Edible packaging made from algae
Algae have long been a general-purpose natural product that is increasingly attracting attention in the packaging industry.
Their robustness makes algae an alternative to plastic. They are used, for example, as packaging for menu trays or take-away cups. Scientists from the Bremerhaven University of Applied Sciences, the Alfred Wegener Institute and the Nordsee restaurant chain have been working on the “Mak-Pak” research project since March 2018. The aim is to be able to use the whole alga for food packaging. The project is being funded by the German Federal Ministry of Food and Agriculture. The project executing agency is the Federal Agency for Agriculture and Food as part of the program to promote innovation.
The companies Notpla and Evoware already produce packaging from algae. The Indonesian company Evoware uses the algae to package confectionery, tea or spices, for example. Among other things, Notpla produces edible films as liquid containers for beverages or sauces. These were used, for example, at the London Marathon. Instead of plastic cups, the marathon runners were given alternative sachets of water. An extract of the algae is used for these products.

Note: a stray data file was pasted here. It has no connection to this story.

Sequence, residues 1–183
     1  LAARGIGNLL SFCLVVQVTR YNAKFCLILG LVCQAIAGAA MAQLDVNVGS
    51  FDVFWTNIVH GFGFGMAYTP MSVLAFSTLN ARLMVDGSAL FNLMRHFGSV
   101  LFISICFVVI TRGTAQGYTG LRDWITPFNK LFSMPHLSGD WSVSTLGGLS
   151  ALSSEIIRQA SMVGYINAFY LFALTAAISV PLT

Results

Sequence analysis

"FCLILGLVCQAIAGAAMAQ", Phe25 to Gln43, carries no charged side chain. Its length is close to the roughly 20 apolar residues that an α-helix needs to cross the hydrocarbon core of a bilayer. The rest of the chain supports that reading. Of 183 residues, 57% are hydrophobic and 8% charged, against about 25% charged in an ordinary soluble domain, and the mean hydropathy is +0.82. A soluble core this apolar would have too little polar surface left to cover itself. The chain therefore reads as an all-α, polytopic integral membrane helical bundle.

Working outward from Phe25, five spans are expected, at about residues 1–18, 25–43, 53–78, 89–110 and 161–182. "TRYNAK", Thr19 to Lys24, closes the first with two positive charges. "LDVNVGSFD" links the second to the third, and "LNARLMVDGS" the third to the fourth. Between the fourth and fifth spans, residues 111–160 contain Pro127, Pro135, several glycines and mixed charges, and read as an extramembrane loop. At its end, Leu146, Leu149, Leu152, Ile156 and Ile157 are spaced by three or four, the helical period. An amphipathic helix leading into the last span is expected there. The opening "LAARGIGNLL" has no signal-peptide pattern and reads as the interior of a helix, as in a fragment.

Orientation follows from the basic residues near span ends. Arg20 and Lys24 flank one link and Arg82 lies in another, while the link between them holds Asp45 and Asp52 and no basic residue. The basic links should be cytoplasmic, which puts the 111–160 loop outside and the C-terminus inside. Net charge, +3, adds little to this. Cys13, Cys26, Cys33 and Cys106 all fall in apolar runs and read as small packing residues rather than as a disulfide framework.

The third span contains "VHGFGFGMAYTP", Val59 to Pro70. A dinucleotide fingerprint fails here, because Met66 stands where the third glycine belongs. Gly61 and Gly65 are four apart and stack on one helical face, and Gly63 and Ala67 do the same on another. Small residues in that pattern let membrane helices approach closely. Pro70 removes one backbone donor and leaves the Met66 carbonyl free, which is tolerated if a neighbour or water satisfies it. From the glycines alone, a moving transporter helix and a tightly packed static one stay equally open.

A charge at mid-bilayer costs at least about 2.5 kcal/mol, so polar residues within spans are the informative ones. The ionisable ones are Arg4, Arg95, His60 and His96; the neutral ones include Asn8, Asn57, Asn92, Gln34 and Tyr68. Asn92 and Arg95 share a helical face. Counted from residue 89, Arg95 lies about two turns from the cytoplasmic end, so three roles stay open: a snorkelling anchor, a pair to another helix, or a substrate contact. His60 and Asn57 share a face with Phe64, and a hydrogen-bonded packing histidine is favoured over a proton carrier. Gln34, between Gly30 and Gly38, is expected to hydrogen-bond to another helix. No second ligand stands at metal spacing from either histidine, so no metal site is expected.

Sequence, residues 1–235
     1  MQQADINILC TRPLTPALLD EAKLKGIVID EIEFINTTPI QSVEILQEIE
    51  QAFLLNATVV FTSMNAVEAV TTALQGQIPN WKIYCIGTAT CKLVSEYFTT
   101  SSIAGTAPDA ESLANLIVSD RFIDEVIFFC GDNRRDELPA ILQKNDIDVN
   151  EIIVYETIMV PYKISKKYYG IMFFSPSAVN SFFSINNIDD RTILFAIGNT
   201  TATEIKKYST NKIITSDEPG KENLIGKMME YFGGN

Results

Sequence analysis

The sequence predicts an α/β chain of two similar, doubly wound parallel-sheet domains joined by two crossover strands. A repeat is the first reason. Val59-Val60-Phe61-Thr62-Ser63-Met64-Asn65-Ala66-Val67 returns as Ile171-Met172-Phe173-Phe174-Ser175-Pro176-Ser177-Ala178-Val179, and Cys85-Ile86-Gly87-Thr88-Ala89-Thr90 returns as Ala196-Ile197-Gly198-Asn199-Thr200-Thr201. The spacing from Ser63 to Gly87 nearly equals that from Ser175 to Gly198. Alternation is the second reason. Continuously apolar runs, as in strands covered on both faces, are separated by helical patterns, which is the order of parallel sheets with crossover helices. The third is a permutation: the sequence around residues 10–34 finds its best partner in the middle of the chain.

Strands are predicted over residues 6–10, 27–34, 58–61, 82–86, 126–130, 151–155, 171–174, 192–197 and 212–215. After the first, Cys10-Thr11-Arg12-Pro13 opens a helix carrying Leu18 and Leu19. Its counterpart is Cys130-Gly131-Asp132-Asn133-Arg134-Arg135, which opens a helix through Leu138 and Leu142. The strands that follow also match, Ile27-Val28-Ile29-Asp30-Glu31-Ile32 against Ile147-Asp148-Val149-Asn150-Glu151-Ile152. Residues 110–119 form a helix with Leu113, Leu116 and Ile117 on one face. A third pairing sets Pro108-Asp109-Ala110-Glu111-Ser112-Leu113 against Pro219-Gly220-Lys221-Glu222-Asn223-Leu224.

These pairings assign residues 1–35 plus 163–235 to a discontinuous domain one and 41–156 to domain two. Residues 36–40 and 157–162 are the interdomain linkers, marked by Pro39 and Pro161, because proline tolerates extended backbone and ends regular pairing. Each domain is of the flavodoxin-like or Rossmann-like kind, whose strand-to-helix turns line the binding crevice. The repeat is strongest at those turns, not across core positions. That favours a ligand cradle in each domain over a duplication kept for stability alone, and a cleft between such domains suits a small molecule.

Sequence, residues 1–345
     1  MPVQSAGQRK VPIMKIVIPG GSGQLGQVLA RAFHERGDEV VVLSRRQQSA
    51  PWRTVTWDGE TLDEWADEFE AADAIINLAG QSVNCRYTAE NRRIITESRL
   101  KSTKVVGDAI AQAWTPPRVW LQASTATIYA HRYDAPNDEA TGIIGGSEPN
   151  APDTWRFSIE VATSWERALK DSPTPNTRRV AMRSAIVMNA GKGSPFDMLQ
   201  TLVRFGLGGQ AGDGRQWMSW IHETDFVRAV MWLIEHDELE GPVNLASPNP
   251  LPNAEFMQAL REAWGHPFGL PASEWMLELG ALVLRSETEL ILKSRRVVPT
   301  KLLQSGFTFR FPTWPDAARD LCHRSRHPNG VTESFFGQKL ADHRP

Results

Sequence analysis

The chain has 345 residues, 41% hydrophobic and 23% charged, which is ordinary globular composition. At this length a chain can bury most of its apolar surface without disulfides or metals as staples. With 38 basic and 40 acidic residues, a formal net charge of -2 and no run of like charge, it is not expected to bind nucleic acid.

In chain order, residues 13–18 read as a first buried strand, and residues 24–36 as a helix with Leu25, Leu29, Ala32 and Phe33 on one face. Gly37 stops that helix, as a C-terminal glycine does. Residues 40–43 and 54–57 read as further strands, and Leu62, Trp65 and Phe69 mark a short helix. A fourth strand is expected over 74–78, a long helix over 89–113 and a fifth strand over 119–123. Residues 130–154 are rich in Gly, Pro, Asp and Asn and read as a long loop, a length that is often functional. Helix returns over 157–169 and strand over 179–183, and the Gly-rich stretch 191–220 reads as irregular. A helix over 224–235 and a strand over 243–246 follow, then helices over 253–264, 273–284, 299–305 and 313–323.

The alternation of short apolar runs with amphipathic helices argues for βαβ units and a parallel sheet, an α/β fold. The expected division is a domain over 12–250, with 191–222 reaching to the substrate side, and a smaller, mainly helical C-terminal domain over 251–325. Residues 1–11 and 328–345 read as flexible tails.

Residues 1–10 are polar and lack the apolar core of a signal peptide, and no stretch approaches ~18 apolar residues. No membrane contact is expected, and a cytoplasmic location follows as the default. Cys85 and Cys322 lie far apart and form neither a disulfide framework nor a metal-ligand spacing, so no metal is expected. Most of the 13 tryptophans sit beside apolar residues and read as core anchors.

However, a great deal of energy is consumed during production. The Mak-Pak research group has therefore decided to use the entire algae. The raw material should consist of selected, refined macroalgae species. The packaging design is conceived by Nordsee GmbH and tested in its branches after technical development. The research partners at the Alfred Wegener Institute, the Helmholtz Centre for Polar and Marine Research (AWI) and Bremerhaven University of Applied Sciences want to identify and produce suitable raw materials and carry out the technical development of the packaging concept. The finished product is not yet on the market and the team is in the process of applying for a patent. According to the project partners, the first algae snack packaging will be ready for the market in February 2020.
Student develops packaging from algae
Also not yet on the market are algae films developed by Ludwig Schmittchen. As part of his diploma thesis at the Technical University of Dresden, he investigated a process for manufacturing packaging materials from brown algae. “The increasingly strained raw material situation worldwide makes it seem sensible not only to handle raw materials efficiently, but also to develop and use waste products and alternative materials. This also includes alginate and by-products containing alginate obtained from water cultures,” he explained. In his research project, he produced a web-shaped semi-finished product from brown algae that can be marketed with the help of companies. Initial contacts have already been established.
For his scientific work, Schmittchen received this year’s prize from the Otto Hänsel Foundation, which was presented during the FachPack 2019 in Nuremberg during the German Packaging Award Gala. The foundation was established in 2001 to promote young talent in the field of processing and packaging machine construction together with the VDMA, which awards prizes to outstanding student research projects every year.